Advisors occasionally encounter situations where their recommendations conflict with a prospect’s or a client’s opinions or beliefs. When encountering this resistance, the advisor has a choice to make: either to alter their recommendation to make it more acceptable to the client’s way of thinking, or to dig in and attempt to change the client’s mind on the subject (or, in the most extreme cases where the difference cannot be resolved, to re-evaluate the engagement and perhaps end it altogether).
In some cases, it is clear to advisors that it would be inappropriate to try to persuade a client to go against their values. For example, when a client and advisor are divided on a subject stemming from the client’s religious beliefs (e.g., a client who is requesting to use Shariah-compliant funds), few advisors are going to try and talk a client out of those beliefs. And if the advisor is not familiar enough with such religious funds to advise on, the advisor may simply refer the client out to another advisor who is a better fit. But in other cases, such as when a prospect or client wants to follow the advice of a popular financial guru, the advisor may be more tempted to push back.
For advisors in this situation, the Japanese martial art aikido can provide perspective on how to respond. In aikido, rather than fighting or resisting an attack, a defender redirects the attacker’s energy, rendering it harmless. Likewise, when advisors receive pushback from clients which they feel could be harmful to the client if carried out, rather than arguing or persuading the client to change their mind, it may be helpful instead to think about how they could redirect that energy in a harmless (or even beneficial) direction.
While many financial advisors may disagree with the opinions espoused by pundits like Dave Ramsey and others (e.g., their views on asset allocation or paying down debt), nonexperts often find them very compelling. Furthermore, in some cases, following the advice of a financial guru might have had a real positive impact on a client’s life – meaning that, for the advisor, convincing a client to simply ignore a popular pundit’s advice and start following the advisor’s (possibly conflicting) recommendations might be a difficult and even unrealistic proposition for the client.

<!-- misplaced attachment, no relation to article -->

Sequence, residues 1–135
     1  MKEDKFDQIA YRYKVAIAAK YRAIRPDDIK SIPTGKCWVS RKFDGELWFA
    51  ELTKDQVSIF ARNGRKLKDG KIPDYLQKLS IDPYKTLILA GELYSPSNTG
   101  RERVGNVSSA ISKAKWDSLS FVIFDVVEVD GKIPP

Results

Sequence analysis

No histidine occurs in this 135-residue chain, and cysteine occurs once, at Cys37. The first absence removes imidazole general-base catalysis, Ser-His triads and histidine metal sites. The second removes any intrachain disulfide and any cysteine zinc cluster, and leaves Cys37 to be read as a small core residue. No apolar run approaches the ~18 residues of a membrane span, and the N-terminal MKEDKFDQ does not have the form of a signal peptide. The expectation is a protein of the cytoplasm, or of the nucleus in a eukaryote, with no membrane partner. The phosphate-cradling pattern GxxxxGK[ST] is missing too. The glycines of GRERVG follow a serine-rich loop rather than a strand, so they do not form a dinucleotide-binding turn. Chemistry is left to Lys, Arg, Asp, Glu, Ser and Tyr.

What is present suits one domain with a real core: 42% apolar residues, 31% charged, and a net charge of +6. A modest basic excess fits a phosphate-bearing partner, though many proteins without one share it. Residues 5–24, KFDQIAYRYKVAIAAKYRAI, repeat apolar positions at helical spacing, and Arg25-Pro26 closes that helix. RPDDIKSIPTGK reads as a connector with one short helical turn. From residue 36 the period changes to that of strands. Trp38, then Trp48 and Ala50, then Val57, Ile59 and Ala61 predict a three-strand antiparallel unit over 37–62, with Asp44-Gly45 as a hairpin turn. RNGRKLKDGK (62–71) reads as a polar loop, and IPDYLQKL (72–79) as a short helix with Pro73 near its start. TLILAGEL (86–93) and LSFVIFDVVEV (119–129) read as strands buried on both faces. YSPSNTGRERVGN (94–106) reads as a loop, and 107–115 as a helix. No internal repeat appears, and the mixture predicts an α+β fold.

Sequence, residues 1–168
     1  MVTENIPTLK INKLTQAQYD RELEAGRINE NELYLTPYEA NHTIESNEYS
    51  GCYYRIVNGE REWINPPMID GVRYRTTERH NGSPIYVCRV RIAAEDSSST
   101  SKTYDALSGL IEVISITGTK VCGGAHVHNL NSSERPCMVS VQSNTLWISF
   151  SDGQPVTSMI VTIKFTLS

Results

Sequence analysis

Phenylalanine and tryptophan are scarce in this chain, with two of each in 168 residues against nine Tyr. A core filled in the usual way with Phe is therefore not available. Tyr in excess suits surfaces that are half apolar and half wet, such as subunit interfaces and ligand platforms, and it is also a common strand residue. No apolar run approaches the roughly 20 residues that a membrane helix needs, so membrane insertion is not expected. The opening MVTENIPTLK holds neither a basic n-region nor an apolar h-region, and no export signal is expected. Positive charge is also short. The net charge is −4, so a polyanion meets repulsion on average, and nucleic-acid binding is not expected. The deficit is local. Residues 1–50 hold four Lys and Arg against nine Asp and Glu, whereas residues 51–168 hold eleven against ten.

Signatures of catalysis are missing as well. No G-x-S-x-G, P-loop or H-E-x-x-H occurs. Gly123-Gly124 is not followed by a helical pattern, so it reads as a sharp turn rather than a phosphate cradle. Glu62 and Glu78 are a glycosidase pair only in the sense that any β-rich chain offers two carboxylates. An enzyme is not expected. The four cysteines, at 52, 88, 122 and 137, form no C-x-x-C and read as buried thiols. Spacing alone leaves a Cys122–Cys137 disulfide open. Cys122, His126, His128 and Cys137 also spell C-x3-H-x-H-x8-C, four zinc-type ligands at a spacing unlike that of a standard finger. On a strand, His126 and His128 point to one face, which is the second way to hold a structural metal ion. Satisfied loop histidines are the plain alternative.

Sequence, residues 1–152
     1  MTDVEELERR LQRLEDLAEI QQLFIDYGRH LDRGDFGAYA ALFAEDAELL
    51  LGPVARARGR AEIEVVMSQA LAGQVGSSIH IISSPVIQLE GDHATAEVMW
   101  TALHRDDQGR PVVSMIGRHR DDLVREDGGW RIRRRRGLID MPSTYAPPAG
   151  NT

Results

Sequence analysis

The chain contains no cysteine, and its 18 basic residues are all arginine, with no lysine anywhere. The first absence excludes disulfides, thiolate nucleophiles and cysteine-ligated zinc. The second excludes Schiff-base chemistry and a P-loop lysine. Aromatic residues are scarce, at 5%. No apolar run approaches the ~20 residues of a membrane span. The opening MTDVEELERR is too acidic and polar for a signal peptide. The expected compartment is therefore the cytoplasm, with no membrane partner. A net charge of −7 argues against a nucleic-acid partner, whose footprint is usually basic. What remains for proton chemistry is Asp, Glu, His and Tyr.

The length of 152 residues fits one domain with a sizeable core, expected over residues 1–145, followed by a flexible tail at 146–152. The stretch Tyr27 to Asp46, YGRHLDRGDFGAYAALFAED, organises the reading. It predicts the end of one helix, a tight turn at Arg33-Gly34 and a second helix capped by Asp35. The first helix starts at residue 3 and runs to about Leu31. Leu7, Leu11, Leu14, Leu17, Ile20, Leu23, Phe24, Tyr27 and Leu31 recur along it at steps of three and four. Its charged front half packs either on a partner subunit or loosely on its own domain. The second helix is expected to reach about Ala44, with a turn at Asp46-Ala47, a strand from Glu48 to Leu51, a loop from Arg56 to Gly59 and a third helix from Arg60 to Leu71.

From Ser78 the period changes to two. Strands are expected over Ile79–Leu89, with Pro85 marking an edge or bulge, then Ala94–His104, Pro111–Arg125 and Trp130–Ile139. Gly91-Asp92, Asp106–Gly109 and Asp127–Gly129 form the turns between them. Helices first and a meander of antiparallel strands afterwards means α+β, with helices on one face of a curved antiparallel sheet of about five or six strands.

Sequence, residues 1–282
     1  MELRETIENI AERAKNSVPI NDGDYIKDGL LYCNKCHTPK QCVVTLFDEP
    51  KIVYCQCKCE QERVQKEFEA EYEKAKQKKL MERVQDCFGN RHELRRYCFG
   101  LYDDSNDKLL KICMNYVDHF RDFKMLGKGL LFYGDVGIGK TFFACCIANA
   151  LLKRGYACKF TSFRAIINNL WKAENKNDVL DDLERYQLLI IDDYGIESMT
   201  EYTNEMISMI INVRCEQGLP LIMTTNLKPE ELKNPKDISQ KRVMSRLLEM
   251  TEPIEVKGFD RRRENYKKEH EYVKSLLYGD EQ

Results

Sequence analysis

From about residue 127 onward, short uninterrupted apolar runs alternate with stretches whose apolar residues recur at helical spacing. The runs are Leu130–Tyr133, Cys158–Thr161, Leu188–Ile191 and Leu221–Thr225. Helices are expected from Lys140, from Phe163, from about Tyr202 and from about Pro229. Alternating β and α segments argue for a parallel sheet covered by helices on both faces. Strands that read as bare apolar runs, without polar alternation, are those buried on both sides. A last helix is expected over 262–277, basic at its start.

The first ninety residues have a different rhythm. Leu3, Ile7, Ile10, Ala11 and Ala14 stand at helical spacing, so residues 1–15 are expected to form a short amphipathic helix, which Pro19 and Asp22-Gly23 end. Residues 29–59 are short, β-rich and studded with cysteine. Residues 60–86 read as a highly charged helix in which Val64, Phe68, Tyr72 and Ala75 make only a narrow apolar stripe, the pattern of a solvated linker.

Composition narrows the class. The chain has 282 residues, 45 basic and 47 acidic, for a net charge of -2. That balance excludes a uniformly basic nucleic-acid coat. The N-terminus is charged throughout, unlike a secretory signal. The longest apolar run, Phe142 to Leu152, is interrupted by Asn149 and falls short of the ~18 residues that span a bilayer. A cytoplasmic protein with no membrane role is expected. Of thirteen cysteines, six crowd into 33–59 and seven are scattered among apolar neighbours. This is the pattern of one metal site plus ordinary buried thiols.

Advisors in this situation can consider using the lessons of aikido. Instead of trying to change their clients’ beliefs, it may be possible to channel them in a more productive manner. For example, if a client wants to follow a pundit’s asset allocation advice, an advisor could – rather than taking a hard line – try to see what it is about the pundit’s advice that appeals to the client, and then construct a portfolio that aligns with those values (while still being sound from the advisor’s perspective).
From this perspective, building the portfolio becomes an exercise that is similar to any other values-based investment philosophy (e.g., Socially Responsible Investing). In order to best align with the client’s values, the advisor may need to operate from a slightly limited fund universe – which, despite not being 100% optimized from the advisor’s perspective, can still be a worthwhile compromise as a way to build a portfolio that aligns with a client’s bigger-picture values (and that they, therefore, may be more likely to stick with in the long run).
Ultimately, the key point is that for financial advisors, understanding and appreciating a client’s values can make all the difference between working with an engaged and enthusiastic client, and one with whom the advisor might fight long and hard to ‘detox’ of their beliefs (and potentially end up losing the battle anyway). This is the core of investment management aikido – instead of fighting the client’s values, an advisor can redirect their energy in as beneficial of a way as possible!